Inevitability and eternity
Time is one of the most fascinating concepts the mind has come up with. How one understands it, has far-reaching consequences, including for the spread of disinformation.
In his gripping book The Road to Unfreedom, Timothy Snyder discerns how the historical narratives of inevitability and of eternity deal with time. Narrators of inevitability claim that history is necessarily moving toward a fixed end. Narrators of eternity perceive no progress but unending cycles of death and rebirth repeating themselves. Examples of narratives of inevitability are those of Marxism or the inescapable success of the free market.
Snyder shows that the Kremlin has adopted an eternity narrative. Not surprisingly, this draws on religious iconography. We have covered stories presenting a continuum from Vladimir the Great until (possibly) Vladimir Putin. The differences between a 12th-century princedom, surrounding Kyiv, or Russia as part of a totalitarian state as the Soviet Union under Stalin are swept aside. Trivial. Something else matters: those strong leaders are all appearances of the same holy Russia, in a divine cycle.
Eternity can come in handy. According to pro-Kremlin media, Crimea is a component of the eternal Russia. The claim that the inhabitants of Crimea want to live in Russia is also part of this. According to the pro-Kremlin media this week, the result of the referendum on the peninsula is sufficient proof. Just to be clear, no international body recognizes this so-called referendum. The UN General Assembly adopted a resolution explicitly stating it was not valid. This week, we published an article on several disinformation avenues aiming to legitimize the illegal annexation.
Eternity leads to a closed media ecosystem
Both the inevitability and eternity narrative, Snyder demonstrates, necessitate intolerance of those disagreeing. By questioning the narrative’s supposed truth, one removes himself from the community of faithful.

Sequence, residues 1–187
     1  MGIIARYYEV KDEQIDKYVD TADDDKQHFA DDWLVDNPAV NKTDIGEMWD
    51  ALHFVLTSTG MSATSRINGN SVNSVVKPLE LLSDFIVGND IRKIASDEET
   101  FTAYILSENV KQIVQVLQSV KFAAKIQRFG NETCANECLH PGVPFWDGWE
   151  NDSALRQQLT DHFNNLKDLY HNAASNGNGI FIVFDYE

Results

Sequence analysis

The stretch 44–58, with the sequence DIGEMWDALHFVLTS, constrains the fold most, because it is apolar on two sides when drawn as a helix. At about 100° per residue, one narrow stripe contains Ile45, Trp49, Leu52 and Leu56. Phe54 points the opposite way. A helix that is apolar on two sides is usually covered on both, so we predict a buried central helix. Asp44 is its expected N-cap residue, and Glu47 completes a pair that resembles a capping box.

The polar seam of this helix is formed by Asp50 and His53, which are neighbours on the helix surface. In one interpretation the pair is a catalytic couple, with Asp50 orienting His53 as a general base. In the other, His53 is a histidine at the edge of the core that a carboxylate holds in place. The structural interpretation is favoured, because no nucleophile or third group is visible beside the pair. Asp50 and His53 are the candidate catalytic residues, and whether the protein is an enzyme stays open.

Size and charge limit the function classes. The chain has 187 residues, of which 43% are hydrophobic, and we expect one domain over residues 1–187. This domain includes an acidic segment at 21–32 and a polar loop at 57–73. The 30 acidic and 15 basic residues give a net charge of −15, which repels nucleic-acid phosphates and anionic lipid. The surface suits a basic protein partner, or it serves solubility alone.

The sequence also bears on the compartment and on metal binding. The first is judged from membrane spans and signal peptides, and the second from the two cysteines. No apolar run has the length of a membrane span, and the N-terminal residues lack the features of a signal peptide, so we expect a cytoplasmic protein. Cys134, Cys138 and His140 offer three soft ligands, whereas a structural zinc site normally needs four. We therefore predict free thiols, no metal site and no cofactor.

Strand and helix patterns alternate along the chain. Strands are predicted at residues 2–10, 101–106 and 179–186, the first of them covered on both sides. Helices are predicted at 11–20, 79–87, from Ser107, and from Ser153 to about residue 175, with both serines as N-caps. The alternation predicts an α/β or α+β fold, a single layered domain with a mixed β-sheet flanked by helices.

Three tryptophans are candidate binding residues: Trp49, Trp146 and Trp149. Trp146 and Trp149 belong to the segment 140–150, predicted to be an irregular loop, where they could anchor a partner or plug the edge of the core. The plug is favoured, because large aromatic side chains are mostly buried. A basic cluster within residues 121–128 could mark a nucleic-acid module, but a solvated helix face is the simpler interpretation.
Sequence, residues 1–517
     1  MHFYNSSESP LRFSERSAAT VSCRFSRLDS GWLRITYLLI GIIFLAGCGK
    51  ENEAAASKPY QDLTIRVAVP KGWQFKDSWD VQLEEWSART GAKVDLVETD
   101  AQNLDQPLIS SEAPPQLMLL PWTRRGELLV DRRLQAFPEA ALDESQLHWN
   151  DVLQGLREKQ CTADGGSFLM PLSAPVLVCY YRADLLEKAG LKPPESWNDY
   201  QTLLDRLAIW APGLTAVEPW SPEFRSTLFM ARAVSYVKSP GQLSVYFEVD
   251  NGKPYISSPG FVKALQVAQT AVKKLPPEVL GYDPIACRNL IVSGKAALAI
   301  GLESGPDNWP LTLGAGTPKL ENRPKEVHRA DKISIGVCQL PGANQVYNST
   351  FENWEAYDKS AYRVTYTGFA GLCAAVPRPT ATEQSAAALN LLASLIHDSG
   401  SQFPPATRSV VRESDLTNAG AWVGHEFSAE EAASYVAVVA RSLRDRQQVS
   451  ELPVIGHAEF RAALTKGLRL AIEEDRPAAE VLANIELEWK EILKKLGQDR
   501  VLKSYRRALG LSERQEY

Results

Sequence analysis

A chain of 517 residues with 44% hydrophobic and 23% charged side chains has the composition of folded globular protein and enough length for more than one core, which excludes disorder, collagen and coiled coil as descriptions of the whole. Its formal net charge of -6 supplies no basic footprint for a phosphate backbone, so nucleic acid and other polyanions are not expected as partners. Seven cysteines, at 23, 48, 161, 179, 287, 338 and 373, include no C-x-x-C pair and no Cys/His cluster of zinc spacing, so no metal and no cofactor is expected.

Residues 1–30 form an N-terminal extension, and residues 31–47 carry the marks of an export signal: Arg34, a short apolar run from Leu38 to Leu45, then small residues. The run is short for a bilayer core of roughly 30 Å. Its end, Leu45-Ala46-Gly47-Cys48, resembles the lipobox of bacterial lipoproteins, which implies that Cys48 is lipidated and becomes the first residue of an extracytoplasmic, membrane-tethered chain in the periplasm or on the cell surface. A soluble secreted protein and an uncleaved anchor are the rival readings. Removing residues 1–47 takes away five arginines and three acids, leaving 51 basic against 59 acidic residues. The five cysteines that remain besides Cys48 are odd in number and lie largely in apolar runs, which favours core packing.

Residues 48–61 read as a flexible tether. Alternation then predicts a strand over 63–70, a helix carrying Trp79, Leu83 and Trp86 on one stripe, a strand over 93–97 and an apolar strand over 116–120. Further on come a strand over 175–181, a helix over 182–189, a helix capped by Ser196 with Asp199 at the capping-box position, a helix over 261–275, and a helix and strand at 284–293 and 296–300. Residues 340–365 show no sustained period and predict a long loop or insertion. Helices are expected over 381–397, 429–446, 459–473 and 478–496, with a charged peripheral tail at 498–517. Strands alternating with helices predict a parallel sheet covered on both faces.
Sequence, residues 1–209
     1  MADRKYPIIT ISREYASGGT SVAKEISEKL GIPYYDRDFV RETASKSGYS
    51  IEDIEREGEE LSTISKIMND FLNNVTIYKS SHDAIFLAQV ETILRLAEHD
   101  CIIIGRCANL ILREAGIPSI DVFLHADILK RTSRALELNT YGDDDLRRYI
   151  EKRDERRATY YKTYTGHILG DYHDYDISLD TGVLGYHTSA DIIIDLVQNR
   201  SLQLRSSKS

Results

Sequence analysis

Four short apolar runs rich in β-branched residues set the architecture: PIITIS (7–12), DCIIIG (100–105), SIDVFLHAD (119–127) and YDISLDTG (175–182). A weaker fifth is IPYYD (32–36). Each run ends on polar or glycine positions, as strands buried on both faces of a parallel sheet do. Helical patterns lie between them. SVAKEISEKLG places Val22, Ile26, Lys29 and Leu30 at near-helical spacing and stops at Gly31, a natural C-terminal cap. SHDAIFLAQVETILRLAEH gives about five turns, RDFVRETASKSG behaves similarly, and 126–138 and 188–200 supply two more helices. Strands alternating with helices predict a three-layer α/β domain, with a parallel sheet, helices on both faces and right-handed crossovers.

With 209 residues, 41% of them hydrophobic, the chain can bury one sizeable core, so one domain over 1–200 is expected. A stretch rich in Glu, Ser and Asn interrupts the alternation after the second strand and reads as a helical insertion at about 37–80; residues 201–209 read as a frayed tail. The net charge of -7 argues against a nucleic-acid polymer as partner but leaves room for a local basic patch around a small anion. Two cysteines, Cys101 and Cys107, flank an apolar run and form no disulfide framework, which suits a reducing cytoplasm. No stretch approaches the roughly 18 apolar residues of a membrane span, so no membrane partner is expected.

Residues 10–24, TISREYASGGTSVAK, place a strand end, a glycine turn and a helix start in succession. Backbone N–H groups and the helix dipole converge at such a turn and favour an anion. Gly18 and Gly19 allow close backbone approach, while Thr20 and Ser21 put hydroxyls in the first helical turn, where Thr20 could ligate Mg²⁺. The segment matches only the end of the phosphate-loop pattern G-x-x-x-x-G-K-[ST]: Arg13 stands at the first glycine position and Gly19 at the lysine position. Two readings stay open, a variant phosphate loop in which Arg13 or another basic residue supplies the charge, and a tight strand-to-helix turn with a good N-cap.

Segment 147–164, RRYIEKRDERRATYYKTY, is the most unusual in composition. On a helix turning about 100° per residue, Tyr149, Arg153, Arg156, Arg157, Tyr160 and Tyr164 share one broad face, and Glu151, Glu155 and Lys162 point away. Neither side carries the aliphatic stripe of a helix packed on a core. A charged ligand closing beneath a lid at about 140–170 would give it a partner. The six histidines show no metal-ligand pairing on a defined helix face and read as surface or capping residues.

This helps understanding how pro-Kremlin media operate. Conceptually, they work as “tribune”. Its characteristics: top-down communication, loyalty to hierarchy, and just two types of expression: praise or condemnation. Its signature punctuation mark is the exclamation point!
Let us take an example from this week. If investigative journalists, such as those of Bellingcat, come up with uncomfortable results of the investigation, you do not focus on the research itself, instead, you attack the collective, portraying it as a factory of fake. As the pro-Kremlin media have their own factory, the language also betrays a large deal of projection.
Media in democracy behave differently. Ideally, they contribute to space sometimes called the herrschaftsfreie Kommunikation. It has the following features: peer-to-peer communication and a critical attitude by nature. Its core activity: independent questioning. Its signature punctuation mark is the question mark.
The rule of law is essential to protect this media freedom. Therefore, it is only logical that pro-Kremlin media often attack the European Court of Human Rights.
Why are eternity and disinformation necessary?